2. Head Start and Early Head Start Programs
    • The Head Start State Collaboration Office is housed within the CCDF Lead Agency. Information about Head Start and Early Head Start Programs are available at the CCR&Rs and some contracted Site agencies.
  3. Low Income Home Energy Assistance Program (LIHEAP)
    • The Department of Commerce and Economic Opportunity (DCEO) is the entity in the State of Illinois that manages the LIHEAP program. The LA refers clients in need of services to the LIHEAP program. The referring entities with the LA include the FCRCs, the WIC program and the Early Intervention program.
  4. Supplemental Nutrition Assistance Programs (SNAP - formerly known as Food Stamps)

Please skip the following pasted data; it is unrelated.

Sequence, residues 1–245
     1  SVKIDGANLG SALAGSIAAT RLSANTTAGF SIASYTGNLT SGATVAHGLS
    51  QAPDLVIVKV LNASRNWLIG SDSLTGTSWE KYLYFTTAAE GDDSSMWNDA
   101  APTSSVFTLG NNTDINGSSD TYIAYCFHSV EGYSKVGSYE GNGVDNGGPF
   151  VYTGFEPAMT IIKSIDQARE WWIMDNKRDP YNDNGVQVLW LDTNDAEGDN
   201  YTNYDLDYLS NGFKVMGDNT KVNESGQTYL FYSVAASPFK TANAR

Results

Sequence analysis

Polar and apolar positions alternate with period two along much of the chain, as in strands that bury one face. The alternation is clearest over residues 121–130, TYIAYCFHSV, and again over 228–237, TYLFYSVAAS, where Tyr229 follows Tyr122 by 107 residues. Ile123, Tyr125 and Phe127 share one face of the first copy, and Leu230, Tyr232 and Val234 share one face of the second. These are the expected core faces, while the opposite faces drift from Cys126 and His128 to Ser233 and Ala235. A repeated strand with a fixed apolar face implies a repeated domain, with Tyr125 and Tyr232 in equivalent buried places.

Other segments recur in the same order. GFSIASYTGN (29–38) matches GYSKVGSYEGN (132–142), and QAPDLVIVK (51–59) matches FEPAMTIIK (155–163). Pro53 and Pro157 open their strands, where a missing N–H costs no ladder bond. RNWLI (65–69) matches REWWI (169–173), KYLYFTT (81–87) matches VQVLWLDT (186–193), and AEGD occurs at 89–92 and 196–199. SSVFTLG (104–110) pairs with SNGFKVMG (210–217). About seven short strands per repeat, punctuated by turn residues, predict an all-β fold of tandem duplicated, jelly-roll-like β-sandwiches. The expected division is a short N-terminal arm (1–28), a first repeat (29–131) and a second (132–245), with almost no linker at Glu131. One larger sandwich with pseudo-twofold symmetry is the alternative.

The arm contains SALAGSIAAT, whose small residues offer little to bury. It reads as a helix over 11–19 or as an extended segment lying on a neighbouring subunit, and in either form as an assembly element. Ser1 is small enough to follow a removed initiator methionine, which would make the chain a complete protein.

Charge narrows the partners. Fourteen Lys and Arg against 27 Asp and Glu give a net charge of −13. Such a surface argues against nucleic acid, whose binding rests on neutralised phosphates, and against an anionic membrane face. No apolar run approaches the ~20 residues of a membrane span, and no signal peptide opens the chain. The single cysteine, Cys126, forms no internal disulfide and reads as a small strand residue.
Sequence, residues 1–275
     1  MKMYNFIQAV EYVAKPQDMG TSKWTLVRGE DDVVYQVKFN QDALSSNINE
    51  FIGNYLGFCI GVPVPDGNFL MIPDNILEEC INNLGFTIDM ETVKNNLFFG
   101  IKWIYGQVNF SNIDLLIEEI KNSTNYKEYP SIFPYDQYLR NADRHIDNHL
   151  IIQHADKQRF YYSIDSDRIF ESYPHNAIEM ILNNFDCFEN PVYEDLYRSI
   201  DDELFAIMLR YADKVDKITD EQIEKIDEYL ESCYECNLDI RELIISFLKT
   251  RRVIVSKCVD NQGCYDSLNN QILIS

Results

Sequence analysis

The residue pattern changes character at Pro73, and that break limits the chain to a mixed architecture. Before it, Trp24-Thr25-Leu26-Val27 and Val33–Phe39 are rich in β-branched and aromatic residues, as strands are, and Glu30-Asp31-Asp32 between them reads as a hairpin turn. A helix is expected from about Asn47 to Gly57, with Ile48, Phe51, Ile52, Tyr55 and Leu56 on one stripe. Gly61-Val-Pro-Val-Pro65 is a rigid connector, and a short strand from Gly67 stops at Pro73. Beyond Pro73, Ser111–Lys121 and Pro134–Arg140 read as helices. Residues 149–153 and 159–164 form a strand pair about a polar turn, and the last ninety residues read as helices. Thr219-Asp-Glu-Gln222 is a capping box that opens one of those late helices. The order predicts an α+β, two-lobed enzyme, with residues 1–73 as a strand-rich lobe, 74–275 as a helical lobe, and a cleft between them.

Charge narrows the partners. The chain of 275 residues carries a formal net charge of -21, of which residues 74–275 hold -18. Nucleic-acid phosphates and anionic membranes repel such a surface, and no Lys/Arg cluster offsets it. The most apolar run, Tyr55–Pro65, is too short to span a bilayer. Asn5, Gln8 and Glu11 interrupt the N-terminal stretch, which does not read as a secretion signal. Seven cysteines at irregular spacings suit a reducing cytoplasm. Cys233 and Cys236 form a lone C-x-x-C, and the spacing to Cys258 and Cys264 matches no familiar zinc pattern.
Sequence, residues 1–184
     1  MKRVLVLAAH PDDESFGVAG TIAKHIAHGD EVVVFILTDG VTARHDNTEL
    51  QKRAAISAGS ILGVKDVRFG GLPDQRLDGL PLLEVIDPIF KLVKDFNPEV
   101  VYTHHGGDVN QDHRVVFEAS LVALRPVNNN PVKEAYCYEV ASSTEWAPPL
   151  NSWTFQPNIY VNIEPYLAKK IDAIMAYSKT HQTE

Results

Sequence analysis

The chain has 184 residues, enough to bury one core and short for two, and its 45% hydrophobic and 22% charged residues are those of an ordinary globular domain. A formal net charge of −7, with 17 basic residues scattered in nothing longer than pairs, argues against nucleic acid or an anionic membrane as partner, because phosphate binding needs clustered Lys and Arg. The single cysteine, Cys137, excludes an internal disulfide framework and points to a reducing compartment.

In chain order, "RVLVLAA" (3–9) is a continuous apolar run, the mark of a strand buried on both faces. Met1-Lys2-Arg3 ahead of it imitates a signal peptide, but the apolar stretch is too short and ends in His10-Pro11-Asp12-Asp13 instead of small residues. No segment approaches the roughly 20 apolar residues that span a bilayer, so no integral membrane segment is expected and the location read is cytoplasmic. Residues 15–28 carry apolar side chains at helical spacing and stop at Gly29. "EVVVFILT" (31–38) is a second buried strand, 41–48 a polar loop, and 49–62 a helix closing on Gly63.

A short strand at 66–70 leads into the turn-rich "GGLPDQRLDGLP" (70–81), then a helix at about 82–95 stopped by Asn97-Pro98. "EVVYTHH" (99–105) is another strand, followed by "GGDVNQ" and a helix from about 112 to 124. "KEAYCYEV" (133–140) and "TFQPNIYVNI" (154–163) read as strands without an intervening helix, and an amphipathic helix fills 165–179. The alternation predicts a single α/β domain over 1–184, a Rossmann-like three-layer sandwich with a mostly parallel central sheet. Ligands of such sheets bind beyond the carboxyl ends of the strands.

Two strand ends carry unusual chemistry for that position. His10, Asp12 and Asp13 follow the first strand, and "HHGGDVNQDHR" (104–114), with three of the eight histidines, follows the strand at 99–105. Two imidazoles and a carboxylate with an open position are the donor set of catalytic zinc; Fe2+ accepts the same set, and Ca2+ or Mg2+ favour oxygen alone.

• SNAP information is shared with eligible parents via the Lead Agency website and Family Community Resource Centers. Information about emergency food, WIC, income calculators and how to apply are on the website, as well as an online application. Parents can apply and pick up printed materials from local offices and community partners.
  5. Women, Infants, and Children Program (WIC)
    • WIC information is shared with eligible parents via the Lead Agency website, Family Community Resource Centers, the CCR&Rs and the local health departments. Information about the program and how to apply are on the website. Parents can apply and pick up printed materials from local offices and community partners.
  6. Child and Adult Care Food Program(CACFP)
    • CACFP information is shared with parents via participating child care providers and sponsoring organizations.
  7. Medicaid